In August 2020, 6 million people across the UK had fallen behind on household bills as a result of the pandemic. One year later and inflation has reached 3% – a nine year high – pushing up the cost of essentials and putting further pressure on already stretched budgets.
Last month, the rise in the energy price cap pushed bills higher just as 5 million households lost £20 a week through the cut to Universal Credit.
Key covid protections will provide vital support for some families in crisis this winter, but these protections are limited in reach and will end just as energy prices are set to increase even more sharply.
As many households face a difficult winter, there are concerning early warning signs in our data. We are seeing higher demand for debt advice and charitable support, and a growing proportion of people we help with debt can’t cover their essential costs each month. Signs that rising pressures on household budgets are making it harder for people to make ends meet and afford the essentials.
Citizens Advice recently published an article Rising pressure on household budgets which sounds an early warning about rising household costs, and the impact of the withdrawal of temporary support measures next year.
Across Oxfordshire we have seen significant take-up of supermarket vouchers, help with fuel costs, increased use of foodbanks and the rapid increase in the number of larder services. Some of this support is short term, and whilst the foodbanks and larders will continue to help vulnerable individuals and families get through what will be a tough winter, should we expect people to continue to rely on this support long term? What happens to those who have received financial support through grants when the temporary funds run out? We will see debt rise again, evictions increase and greater numbers of people becoming homeless.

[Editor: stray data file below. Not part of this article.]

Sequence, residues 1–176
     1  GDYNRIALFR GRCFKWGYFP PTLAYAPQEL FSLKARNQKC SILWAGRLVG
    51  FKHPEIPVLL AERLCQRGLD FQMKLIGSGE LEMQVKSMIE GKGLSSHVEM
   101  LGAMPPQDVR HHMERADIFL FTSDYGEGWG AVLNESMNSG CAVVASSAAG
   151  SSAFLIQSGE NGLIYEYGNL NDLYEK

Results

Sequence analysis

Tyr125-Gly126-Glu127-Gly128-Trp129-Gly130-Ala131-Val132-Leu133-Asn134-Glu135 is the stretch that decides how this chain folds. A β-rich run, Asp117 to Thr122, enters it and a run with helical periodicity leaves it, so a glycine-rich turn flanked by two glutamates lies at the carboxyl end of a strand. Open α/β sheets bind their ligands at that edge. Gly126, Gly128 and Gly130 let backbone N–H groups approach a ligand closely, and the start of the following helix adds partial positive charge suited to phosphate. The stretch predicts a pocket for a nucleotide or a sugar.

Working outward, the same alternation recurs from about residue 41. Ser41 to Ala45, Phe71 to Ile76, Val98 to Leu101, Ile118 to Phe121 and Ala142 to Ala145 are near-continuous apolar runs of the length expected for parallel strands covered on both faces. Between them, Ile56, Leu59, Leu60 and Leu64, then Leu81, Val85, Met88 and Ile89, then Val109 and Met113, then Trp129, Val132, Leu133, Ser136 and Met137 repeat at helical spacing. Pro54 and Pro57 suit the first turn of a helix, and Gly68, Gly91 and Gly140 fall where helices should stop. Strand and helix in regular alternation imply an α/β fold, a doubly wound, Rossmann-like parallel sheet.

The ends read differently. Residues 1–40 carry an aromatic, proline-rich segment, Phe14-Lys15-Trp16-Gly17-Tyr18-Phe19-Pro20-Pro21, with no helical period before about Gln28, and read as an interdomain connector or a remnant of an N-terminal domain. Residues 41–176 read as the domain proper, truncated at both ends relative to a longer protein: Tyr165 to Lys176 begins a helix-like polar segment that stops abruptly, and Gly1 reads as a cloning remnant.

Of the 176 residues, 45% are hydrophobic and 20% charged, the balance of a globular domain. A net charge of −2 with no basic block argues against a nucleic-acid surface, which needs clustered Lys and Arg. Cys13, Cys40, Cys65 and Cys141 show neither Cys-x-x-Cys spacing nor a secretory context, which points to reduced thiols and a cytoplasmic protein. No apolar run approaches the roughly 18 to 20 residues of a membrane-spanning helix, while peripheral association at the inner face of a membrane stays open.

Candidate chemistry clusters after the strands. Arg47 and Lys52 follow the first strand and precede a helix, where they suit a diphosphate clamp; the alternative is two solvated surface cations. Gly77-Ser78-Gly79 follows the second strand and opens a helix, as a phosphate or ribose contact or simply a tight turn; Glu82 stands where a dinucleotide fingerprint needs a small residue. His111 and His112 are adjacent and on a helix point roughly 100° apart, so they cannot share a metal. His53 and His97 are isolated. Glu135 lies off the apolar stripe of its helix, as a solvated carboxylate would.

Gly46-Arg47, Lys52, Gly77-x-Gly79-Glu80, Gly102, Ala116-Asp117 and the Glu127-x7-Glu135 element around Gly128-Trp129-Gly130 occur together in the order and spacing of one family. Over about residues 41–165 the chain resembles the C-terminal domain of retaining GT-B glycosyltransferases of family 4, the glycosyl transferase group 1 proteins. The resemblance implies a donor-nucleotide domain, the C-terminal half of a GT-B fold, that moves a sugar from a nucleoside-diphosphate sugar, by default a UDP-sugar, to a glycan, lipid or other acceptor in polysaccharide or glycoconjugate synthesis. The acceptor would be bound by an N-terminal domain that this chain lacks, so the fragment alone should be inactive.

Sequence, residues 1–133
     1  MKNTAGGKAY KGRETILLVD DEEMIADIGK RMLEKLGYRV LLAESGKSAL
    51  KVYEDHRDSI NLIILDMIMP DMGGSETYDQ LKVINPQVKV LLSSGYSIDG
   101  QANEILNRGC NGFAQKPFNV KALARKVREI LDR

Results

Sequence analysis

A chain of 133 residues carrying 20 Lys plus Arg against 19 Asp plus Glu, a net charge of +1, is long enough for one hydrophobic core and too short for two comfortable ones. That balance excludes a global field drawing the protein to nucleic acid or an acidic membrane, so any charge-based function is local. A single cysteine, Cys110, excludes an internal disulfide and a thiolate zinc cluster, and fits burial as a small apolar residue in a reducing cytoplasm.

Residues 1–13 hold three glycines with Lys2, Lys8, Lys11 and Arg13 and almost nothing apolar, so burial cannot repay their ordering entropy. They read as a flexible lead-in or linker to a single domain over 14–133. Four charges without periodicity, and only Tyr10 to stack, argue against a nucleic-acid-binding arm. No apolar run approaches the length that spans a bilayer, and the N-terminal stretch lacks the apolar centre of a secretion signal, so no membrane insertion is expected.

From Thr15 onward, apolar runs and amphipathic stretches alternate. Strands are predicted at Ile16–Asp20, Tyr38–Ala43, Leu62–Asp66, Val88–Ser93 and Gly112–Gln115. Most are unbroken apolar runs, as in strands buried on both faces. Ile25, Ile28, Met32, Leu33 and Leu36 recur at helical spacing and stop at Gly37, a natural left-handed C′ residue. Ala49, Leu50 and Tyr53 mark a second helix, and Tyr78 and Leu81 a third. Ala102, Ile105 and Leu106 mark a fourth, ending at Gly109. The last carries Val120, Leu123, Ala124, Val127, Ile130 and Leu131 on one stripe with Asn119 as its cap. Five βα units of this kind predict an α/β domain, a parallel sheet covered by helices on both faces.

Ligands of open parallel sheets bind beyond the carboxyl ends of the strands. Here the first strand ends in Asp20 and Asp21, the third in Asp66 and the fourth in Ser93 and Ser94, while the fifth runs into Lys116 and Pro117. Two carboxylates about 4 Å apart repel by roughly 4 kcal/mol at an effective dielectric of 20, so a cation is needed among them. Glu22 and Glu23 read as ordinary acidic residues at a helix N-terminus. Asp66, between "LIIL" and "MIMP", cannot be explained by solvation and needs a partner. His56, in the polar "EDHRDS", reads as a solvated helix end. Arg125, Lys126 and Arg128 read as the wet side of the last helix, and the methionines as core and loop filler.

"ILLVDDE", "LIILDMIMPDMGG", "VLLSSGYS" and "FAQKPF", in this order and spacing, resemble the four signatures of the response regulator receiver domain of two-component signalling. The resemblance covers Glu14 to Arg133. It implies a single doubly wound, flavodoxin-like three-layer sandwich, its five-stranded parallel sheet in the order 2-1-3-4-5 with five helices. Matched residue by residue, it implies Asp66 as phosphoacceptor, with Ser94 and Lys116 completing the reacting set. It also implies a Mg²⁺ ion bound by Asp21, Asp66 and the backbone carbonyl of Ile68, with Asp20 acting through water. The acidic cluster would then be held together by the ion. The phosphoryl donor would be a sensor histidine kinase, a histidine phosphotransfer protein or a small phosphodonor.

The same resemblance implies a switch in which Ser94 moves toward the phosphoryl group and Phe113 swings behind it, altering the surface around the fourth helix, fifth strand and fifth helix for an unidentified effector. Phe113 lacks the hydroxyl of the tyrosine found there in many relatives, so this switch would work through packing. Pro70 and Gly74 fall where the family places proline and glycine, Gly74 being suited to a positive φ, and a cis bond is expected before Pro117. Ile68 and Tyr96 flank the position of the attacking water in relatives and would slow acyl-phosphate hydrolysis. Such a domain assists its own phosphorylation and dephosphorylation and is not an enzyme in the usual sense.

Charitable support and food support categories will include various grants provided by LA’s and access to food banks and Larder, as well as individual grants secured from trusts and charities for individual needs not covered by other schemes..
Over the pandemic we have seen a significant drop in the number of people seeking debt advice. We believe this was directly related to the moratorium on debt collection and the restrictions on eviction proceedings, as well as the increased support available to those most in need through the Winter Support Grant, Household Support fund and other funds or services delivered through our local authorities and voluntary sector. However, we are now starting to see the numbers rise. We expect the number of citizens needing debt advice to increase to higher than pre-pandemic levels across all districts, and we are concerned that debt advice funding is not currently sufficient to support that. Whilst this year we are predicting a slow increase, in 2022-23 we expect this to rise steeply in 2022-23 as the support funds are closed. We are predicting that need will exceed 2019-20 numbers. There has been generous support available to many vulnerable families throughout the pandemic, and that has helped them to keep on top of their bills. For many, once that support is removed, they will not be able to sustain that in the longer term, and we will see more people coming to us for debt advice and related housing and benefits issues.